Ex-Fed Official Says Rates of at Least 3.5% Will Be Needed to Slow Inflation
STANFORD, Calif.—A former senior Federal Reserve official said it was likely that the central bank would need to raise its benchmark interest rate over the next year to at least 3.5% or to even higher levels that deliberately slow economic growth to bring down inflation.
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“Even under a plausible best-case scenario in which most of the inflation overshoot last year and this year turns out to have been transitory, the funds rate will, I believe, ultimately need to be raised well into restrictive territory,” said
referring to the federal-funds rate, in remarks prepared for delivery Friday at a conference at Stanford University’s Hoover Institution.
From 2018 until this past January, Mr. Clarida served as Fed vice chairman, making him a top lieutenant to Fed Chairman
The Fed on Wednesday raised its policy rate by a half-percentage point for the first time since 2000, to a range between 0.75% and 1%. Mr. Powell suggested the Fed is on track to raise rates by another half-percentage point in both June and July.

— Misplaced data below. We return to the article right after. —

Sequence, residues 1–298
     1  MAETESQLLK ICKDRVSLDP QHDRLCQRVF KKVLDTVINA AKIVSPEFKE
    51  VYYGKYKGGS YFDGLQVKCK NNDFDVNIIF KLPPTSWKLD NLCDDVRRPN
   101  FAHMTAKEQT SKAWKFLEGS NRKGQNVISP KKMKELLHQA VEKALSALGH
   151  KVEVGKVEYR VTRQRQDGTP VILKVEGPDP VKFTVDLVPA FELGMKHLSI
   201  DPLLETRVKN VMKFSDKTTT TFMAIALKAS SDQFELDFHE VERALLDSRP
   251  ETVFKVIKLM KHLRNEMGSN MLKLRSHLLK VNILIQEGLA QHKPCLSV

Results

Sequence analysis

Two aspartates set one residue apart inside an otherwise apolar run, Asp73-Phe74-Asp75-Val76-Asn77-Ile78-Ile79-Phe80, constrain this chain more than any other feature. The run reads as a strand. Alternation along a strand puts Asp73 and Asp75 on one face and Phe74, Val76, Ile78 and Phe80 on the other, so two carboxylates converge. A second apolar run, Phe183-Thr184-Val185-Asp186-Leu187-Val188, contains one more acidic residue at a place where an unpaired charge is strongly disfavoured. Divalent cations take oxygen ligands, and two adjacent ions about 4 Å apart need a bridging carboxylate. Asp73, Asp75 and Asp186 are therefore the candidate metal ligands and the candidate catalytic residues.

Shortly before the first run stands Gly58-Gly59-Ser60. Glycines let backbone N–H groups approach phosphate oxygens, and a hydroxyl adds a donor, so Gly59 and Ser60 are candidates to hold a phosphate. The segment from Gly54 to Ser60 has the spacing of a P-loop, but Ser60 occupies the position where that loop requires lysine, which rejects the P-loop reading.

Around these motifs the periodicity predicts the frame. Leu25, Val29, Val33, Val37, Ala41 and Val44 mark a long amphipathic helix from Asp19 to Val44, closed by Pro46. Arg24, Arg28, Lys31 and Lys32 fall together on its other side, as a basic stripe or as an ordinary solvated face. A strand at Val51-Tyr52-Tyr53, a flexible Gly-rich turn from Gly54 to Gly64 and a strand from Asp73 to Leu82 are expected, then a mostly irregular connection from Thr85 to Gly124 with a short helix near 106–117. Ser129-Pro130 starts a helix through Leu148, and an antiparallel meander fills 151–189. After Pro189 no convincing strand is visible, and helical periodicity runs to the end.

Mr. Clarida cited a widely used policy-setting rule suggesting that if inflation a year from now was running at 3%, the Fed would need to raise interest rates to 4% to eventually bring inflation down to the central bank’s 2% goal.
That is above the highest rate projection submitted by any of 16 Fed officials before their March 15-16 meeting.
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Mr. Clarida, who teaches economics at Columbia University, said rates would have to rise more if inflation is higher than 3% next year. On the other hand, rates might not have to rise as much if the Fed’s shrinking asset portfolio or other changes in the Treasury market send longer-term U.S. government bond yields higher than would otherwise be the case.
Mr. Clarida was heavily involved in overseeing the central bank’s revamped policy-setting framework, announced in August 2020.
The framework was designed to provide more zip to monetary policy following periods in which interest rates had been lowered to zero. It aimed to do that by pledging to seek inflation slightly above the Fed’s 2% target to make up for past misses.
Mr. Clarida said the fears that had motivated that policy shift—namely that the central bank’s tools might be less powerful once interest rates had been cut to zero—weren’t ultimately realized because of a very aggressive response from fiscal policy makers.
As a result, the Fed might not have needed to provide stimulus for as long as officials initially anticipated would be warranted in 2020, when they adopted the framework.
Write to Nick Timiraos at [email protected]
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Appeared in the May 7, 2022, print edition as ‘Ex Official Eyes Fed Rate Rise To 3.5%.’
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